Cydney Baron

During the chaos of shots being fired and people running for safety, someone shouted a question at the shooter: "Why are you doing this?"

"Because I'm really angry," Santino Legan is said to have answered.

When it feels like mass shootings are hitting the news cycle every day it would be easy to dismiss instances like this.

Gilroy, California is nothing like Claremore, Oklahoma, we tell ourselves.

And when they found white supremacist material in the shooter's writings we dismiss it again, telling ourselves: Racism isn't an issue in rural Oklahoma.

Logically, we all know these tragedies can happen anywhere, that the community of Gilroy probably said the same things. But that doesn't stop us from holding to the belief that it will never happen to us.

We read statistics that tell us "...41% of Americans fear random mass shootings." (USA Today). We're told, "…there is one mass shooting per day in the United States, if you define them as four or more people shot." (Louis Klarevas, research professor at Colombia University.)

Still, it doesn't seem like a reality that could ever apply to us.

This dichotomy—this simultaneous believing and unbelieving—breeds confusion and anger.

Sadly, this shooting was not the only one in headlines this week. While the country is processing the details of all of these tragedies, presidential candidates were tackling issues like racism which, at it's core, is simply anger and hatred.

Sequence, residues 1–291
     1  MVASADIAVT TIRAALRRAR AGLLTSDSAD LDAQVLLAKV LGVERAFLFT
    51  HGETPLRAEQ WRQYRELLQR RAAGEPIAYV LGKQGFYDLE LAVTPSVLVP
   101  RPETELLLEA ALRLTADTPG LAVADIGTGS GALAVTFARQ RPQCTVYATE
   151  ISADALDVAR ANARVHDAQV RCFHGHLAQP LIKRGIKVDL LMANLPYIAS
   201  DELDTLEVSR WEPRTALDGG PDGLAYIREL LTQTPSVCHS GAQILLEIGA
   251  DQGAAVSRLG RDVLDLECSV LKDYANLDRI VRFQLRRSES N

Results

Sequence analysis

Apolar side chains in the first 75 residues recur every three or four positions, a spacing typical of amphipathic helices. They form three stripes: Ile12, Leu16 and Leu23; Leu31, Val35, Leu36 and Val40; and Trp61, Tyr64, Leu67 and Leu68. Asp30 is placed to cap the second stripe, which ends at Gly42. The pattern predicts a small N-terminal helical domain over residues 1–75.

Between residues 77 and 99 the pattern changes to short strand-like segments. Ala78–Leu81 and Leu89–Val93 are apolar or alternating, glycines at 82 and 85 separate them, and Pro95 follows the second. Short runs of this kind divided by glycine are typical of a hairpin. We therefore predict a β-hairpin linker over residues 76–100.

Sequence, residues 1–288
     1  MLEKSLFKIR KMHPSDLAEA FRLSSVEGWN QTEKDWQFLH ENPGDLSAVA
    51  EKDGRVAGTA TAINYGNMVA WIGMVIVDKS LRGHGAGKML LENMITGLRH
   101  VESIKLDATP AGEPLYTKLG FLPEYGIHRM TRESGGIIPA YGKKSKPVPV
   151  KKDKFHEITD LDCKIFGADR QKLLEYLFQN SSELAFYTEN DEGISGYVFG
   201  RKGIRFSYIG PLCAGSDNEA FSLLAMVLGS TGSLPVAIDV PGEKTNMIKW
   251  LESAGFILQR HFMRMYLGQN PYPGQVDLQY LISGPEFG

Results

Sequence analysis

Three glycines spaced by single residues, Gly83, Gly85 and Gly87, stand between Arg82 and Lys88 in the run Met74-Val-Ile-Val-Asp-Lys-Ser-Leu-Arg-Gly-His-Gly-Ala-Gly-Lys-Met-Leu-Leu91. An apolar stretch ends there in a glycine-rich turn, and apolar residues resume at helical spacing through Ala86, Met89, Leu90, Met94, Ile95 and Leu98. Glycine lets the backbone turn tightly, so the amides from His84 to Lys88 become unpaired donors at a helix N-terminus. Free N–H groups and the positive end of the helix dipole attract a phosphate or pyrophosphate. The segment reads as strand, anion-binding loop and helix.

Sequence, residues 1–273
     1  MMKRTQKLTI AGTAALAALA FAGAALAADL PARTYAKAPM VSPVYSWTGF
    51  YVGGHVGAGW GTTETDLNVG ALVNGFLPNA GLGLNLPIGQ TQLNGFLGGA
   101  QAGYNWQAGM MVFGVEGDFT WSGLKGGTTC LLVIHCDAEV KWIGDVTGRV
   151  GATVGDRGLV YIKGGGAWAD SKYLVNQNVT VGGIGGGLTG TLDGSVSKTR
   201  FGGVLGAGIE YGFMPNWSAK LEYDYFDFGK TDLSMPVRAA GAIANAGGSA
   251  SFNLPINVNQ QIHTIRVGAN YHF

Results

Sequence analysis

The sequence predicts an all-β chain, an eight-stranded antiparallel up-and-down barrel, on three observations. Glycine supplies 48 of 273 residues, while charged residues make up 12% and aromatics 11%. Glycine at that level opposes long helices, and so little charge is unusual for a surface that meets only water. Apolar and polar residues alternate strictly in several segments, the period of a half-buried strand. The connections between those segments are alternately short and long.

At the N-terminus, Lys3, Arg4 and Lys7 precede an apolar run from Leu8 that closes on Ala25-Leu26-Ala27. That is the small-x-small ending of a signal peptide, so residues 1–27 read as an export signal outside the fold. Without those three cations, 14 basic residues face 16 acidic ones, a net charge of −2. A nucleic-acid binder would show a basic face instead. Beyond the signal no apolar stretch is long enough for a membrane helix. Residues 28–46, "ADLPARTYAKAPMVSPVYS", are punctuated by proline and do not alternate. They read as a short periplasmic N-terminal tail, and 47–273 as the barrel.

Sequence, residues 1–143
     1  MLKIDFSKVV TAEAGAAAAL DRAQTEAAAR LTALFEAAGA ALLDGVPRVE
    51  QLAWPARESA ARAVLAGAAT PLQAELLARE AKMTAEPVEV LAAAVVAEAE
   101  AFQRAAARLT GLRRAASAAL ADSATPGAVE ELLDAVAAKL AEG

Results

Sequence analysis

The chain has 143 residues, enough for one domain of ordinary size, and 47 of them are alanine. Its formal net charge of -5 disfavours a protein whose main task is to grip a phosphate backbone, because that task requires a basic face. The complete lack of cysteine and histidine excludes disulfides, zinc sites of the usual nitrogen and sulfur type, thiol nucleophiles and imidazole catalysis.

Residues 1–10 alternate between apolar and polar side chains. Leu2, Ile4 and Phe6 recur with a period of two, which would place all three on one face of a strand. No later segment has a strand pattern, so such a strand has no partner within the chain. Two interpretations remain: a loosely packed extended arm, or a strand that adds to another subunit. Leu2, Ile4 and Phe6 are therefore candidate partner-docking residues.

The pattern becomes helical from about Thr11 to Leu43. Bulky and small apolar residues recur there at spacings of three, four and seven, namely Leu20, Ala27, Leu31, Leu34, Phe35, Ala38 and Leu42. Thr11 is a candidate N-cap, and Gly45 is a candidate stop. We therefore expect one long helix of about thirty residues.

And it seems, all at once, that this anger and hatred is the course our country is charting. Every news cycle we see it play out in some way. Hate crimes. Allegations of racism. Shootings and violent attacks. Repeat.

The left hand blames the right, and vice versa. We blame the gun and we blame the gunman. We blame social media and mental health and, sometimes, the folks who should have seen it coming. We blame policy and regulation—then the lack thereof.

"Because I'm really angry."

Why aren't we blaming the culprit—anger.

I make no endorsements but, a statement made by presidential candidate Marianne Williamson, seems to be the antidote to the current state of things.

In a recent podcast interview Williamson was asked what harnessing love for political purposes looks like:

"It's not mysterious at all. If you see a hungry child, you feed them. If you see an uneducated child, you teach them. If you see a poor person struggling, you help them…you help people thrive."

She went on to say, "Love one another. We are on this earth to love one another, that is the only survivable path for the 21st century. Love one another is not only a statement of the goal, it's the guidance system for achieving the goal."

Love one another. We've heard it before.

"And now I give you a new commandment: love one another. As I have loved you, so you must love one another" -John 13:34.

"Come on people now/Smile on your bother/everybody get together/ try to love one another right now."- "Get Together" The Youngbloods.

"Love one another and you will be happy. It's as simple and as difficult as that."- Michael Leunig, cartoonist, poet and author.

Hatred, racism, division and violence may be trending in America, but that doesn't mean we can't course correct. We don't have to accept the narrative we're being told.

Someone recently told me, "We must be careful of the stories we tell ourselves, for they are who we become."

In that case, let's tell stories of loving one another.

Cydney Baron is the editor of the Claremore Progress.

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